Historical Monuments

Thomas Merritt’s Grave

In the churchyard of St Illogan Parish Church there is a fine white marble gravestone which marks the resting place of Thomas Merritt (1863-1908) and members of his family.  Thomas Merritt was a former miner/musician who stole the hearts of all Cornish people especially miners with his boisterous Christmas carols and he was also commissioned to write the 1902 Coronation March for Edward VII.

Commonwealth War Graves

There are fifty Commonwealth War Graves gravestones in St Illogan Parish Churchyard to commemorate the airmen, and one woman, of WW II who were associated with the Nancekuke air base at Portreath which lies just across the valley.  There are also a number of World War I memorial stones in the churchyard.

Memorials

A range of other memorials which relate to the deeply involved but now departed Basset Family of Tehidy can be seen in the St Illogan Parish Church and the Churchyard.

St Illogan Parish Church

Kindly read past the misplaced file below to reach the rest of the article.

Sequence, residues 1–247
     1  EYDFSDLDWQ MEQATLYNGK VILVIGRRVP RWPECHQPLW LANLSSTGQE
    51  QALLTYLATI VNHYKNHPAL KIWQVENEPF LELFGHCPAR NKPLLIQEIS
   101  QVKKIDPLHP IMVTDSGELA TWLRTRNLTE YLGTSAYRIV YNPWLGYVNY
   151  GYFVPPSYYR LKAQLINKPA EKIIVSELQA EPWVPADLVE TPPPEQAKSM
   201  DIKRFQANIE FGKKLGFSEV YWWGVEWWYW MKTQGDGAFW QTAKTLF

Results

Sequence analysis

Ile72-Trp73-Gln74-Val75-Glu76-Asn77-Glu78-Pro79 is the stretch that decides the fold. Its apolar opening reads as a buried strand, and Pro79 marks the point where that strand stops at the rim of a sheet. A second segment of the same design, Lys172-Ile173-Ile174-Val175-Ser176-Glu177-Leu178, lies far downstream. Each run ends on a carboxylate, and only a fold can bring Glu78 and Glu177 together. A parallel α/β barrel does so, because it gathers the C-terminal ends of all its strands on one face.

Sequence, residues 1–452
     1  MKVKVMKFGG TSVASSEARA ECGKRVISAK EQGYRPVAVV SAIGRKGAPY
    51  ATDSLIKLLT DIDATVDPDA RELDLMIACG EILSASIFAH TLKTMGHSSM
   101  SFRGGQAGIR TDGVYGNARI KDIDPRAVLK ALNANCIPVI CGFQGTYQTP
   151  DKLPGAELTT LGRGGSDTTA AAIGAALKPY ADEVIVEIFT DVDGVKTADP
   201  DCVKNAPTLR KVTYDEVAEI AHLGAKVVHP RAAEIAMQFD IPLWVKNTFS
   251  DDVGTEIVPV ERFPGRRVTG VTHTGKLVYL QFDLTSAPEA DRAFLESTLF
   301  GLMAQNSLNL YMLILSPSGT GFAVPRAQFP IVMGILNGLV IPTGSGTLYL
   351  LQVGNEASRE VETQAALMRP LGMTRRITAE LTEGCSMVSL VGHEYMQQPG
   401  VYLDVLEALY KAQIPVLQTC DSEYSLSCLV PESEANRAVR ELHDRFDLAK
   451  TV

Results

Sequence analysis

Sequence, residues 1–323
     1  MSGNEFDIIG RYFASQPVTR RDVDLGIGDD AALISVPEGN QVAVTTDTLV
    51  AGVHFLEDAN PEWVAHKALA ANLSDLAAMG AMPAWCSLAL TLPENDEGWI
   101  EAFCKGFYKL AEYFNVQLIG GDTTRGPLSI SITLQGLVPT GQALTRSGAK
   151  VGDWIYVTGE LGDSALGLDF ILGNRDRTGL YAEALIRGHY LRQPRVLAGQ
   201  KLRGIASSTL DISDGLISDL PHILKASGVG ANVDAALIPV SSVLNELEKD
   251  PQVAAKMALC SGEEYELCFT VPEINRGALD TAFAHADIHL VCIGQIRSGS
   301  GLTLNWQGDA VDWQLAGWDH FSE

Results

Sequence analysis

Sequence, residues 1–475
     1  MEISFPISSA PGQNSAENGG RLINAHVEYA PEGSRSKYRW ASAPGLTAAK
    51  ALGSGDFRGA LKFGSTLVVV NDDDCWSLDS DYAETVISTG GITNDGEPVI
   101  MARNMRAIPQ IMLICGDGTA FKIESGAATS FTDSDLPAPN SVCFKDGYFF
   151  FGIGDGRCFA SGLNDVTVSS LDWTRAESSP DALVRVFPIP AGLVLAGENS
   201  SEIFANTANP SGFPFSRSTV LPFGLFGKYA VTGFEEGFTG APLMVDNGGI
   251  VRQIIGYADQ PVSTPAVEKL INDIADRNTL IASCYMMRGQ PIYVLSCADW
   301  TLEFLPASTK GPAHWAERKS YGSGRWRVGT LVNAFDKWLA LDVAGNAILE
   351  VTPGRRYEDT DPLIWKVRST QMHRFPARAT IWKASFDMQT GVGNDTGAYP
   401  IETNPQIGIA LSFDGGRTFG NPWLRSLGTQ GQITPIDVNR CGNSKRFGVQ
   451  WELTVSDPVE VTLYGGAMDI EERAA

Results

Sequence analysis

The parish church was dedicated to St Illogan and St Edmund; the earliest reliable reference, dated 1235, refers to the Ecclesia of Eglossalau. By 1844, the church had become too small to serve a vastly increasing mining population, so a new church was built to the designs of J. P. St Aubyn at a cost of £2,875 and came into use on 4 November 1846.  The Bell Tower is all that remains of the old church; Trinity House refused to allow its removal as it provided a useful landmark for shipping.

The Church, its tower, the Basset sarcophagus, a Cornish cross, and the gates at the north end of the churchyard are all Grade II Listed.

Paynters Lane End Methodist Church

The Plymouth Limestone and granite faced Paynters Lane End Methodist Church, was built in 1890. The Methodist Sunday School was built in 1858; 30 years before the Chapel.

Other

Parts of Aviary Court date back 300 years and was the home of mining engineer James Tangye; this is now a hotel.

Mary’s Well (1888) was named after the wife of Gustavus Lambart Basset.  The Bain Memorial is in memory of David Wise Bain who owned Portreath Harbour, built in 1901 as almshouses for decayed (invalid) miners.

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